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Resources tagged with Cubes & cuboids similar to Coke Machine:

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Broad Topics > 3D Geometry, Shape and Space > Cubes & cuboids

Summing Squares

Age 14 to 16 Challenge Level:

Discover a way to sum square numbers by building cuboids from small cubes. Can you picture how the sequence will grow?

Cubic Net

Age 14 to 18 Challenge Level:

This is an interactive net of a Rubik's cube. Twists of the 3D cube become mixes of the squares on the 2D net. Have a play and see how many scrambles you can undo!

Inside Out

Age 14 to 16 Challenge Level:

There are 27 small cubes in a 3 x 3 x 3 cube, 54 faces being visible at any one time. Is it possible to reorganise these cubes so that by dipping the large cube into a pot of paint three times you. . . .

All Tied Up

Age 14 to 16 Challenge Level:

A ribbon runs around a box so that it makes a complete loop with two parallel pieces of ribbon on the top. How long will the ribbon be?

Icosian Game

Age 11 to 14 Challenge Level:

This problem is about investigating whether it is possible to start at one vertex of a platonic solid and visit every other vertex once only returning to the vertex you started at.

Three Cubes

Age 14 to 16 Challenge Level:

Can you work out the dimensions of the three cubes?

The Spider and the Fly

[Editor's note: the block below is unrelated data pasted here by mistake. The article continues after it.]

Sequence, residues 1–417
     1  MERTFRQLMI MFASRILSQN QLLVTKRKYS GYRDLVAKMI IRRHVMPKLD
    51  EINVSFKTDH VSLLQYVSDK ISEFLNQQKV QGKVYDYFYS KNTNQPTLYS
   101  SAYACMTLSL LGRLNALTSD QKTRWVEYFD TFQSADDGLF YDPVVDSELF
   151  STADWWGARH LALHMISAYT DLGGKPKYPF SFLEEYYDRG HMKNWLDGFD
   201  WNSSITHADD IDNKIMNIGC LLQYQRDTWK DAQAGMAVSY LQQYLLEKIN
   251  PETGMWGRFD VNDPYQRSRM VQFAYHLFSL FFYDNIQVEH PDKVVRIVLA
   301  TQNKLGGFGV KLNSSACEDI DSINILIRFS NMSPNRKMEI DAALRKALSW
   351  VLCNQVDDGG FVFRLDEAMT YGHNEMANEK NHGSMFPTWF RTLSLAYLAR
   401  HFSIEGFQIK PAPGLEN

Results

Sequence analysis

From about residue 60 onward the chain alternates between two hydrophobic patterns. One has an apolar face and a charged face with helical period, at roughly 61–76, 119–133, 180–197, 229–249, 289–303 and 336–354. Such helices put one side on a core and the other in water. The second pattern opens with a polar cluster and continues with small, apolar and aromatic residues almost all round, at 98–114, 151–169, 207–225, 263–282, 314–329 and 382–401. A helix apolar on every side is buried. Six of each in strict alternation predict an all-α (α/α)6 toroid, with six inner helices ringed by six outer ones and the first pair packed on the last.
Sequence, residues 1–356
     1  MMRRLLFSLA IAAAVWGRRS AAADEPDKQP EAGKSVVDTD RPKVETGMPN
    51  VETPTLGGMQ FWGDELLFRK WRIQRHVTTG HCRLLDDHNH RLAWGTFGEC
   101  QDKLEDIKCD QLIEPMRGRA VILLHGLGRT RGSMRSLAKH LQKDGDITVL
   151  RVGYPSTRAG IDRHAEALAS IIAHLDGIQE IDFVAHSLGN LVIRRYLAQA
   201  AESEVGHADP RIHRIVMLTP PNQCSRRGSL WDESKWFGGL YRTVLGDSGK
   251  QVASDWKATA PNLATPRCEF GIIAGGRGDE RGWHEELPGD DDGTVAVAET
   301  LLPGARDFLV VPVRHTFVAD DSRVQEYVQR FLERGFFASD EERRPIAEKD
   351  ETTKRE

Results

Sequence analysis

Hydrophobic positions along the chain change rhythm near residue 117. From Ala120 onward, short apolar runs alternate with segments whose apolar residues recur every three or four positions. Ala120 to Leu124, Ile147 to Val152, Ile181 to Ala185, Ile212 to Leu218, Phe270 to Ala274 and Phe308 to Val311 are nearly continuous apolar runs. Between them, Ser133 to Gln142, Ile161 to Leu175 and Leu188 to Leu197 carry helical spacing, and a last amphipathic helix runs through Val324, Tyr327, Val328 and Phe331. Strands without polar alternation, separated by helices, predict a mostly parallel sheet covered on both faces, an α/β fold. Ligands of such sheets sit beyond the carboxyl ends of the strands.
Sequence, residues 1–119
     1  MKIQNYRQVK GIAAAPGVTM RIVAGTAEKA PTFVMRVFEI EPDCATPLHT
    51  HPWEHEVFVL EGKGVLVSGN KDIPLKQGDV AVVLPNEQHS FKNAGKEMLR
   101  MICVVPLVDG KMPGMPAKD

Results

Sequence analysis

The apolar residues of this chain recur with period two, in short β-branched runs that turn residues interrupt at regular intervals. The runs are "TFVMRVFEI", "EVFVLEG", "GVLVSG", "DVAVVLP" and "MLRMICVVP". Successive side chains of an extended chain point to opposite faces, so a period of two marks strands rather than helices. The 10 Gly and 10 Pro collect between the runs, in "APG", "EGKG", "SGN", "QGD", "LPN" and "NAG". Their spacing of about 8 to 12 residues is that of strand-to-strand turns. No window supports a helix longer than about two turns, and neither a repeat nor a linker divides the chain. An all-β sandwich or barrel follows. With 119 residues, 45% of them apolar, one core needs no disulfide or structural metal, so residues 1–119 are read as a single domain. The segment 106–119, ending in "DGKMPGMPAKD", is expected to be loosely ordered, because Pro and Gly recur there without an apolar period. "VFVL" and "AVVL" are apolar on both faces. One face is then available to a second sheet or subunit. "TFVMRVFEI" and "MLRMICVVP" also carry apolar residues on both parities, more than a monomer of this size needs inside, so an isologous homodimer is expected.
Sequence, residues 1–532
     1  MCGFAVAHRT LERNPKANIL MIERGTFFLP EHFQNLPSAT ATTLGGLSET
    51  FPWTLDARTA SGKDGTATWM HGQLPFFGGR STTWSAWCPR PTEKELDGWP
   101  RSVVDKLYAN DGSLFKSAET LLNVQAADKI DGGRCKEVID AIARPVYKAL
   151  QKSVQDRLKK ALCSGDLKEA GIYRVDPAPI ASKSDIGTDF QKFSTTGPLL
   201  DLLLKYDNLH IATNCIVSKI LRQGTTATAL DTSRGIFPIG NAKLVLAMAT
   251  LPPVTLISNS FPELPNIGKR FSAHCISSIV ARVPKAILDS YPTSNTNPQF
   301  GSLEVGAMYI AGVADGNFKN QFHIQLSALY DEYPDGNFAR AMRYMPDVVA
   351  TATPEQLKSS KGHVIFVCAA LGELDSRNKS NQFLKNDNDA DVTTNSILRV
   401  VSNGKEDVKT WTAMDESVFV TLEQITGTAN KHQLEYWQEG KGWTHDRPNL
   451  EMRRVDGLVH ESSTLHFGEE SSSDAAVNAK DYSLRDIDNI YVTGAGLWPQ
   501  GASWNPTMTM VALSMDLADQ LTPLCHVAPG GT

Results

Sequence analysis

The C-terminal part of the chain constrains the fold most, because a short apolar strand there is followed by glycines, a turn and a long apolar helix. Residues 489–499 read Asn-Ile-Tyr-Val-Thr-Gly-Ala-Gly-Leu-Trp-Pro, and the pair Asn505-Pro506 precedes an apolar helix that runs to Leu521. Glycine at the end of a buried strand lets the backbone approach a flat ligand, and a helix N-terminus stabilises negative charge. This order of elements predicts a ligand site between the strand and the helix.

Age 14 to 16 Challenge Level:

A spider is sitting in the middle of one of the smallest walls in a room and a fly is resting beside the window. What is the shortest distance the spider would have to crawl to catch the fly?

All in the Mind

Age 11 to 14 Challenge Level:

Imagine you are suspending a cube from one vertex and allowing it to hang freely. What shape does the surface of the water make around the cube?

Troublesome Dice

Age 11 to 14 Challenge Level:

When dice land edge-up, we usually roll again. But what if we didn't...?

Partly Painted Cube

Age 14 to 16 Challenge Level:

Jo made a cube from some smaller cubes, painted some of the faces of the large cube, and then took it apart again. 45 small cubes had no paint on them at all. How many small cubes did Jo use?

Dice, Routes and Pathways

Age 5 to 14

This article for teachers discusses examples of problems in which there is no obvious method but in which children can be encouraged to think deeply about the context and extend their ability to. . . .

Drilling Many Cubes

Age 7 to 14 Challenge Level:

A useful visualising exercise which offers opportunities for discussion and generalising, and which could be used for thinking about the formulae needed for generating the results on a spreadsheet.

Take Ten

Age 11 to 14 Challenge Level:

Is it possible to remove ten unit cubes from a 3 by 3 by 3 cube so that the surface area of the remaining solid is the same as the surface area of the original?

Cubic Conundrum

Age 7 to 16 Challenge Level:

Which of the following cubes can be made from these nets?

Painted Cube

Age 14 to 16 Challenge Level:

Imagine a large cube made from small red cubes being dropped into a pot of yellow paint. How many of the small cubes will have yellow paint on their faces?

Marbles in a Box

Age 11 to 16 Challenge Level:

How many winning lines can you make in a three-dimensional version of noughts and crosses?

Painting Cubes

Age 11 to 14 Challenge Level:

Imagine you have six different colours of paint. You paint a cube using a different colour for each of the six faces. How many different cubes can be painted using the same set of six colours?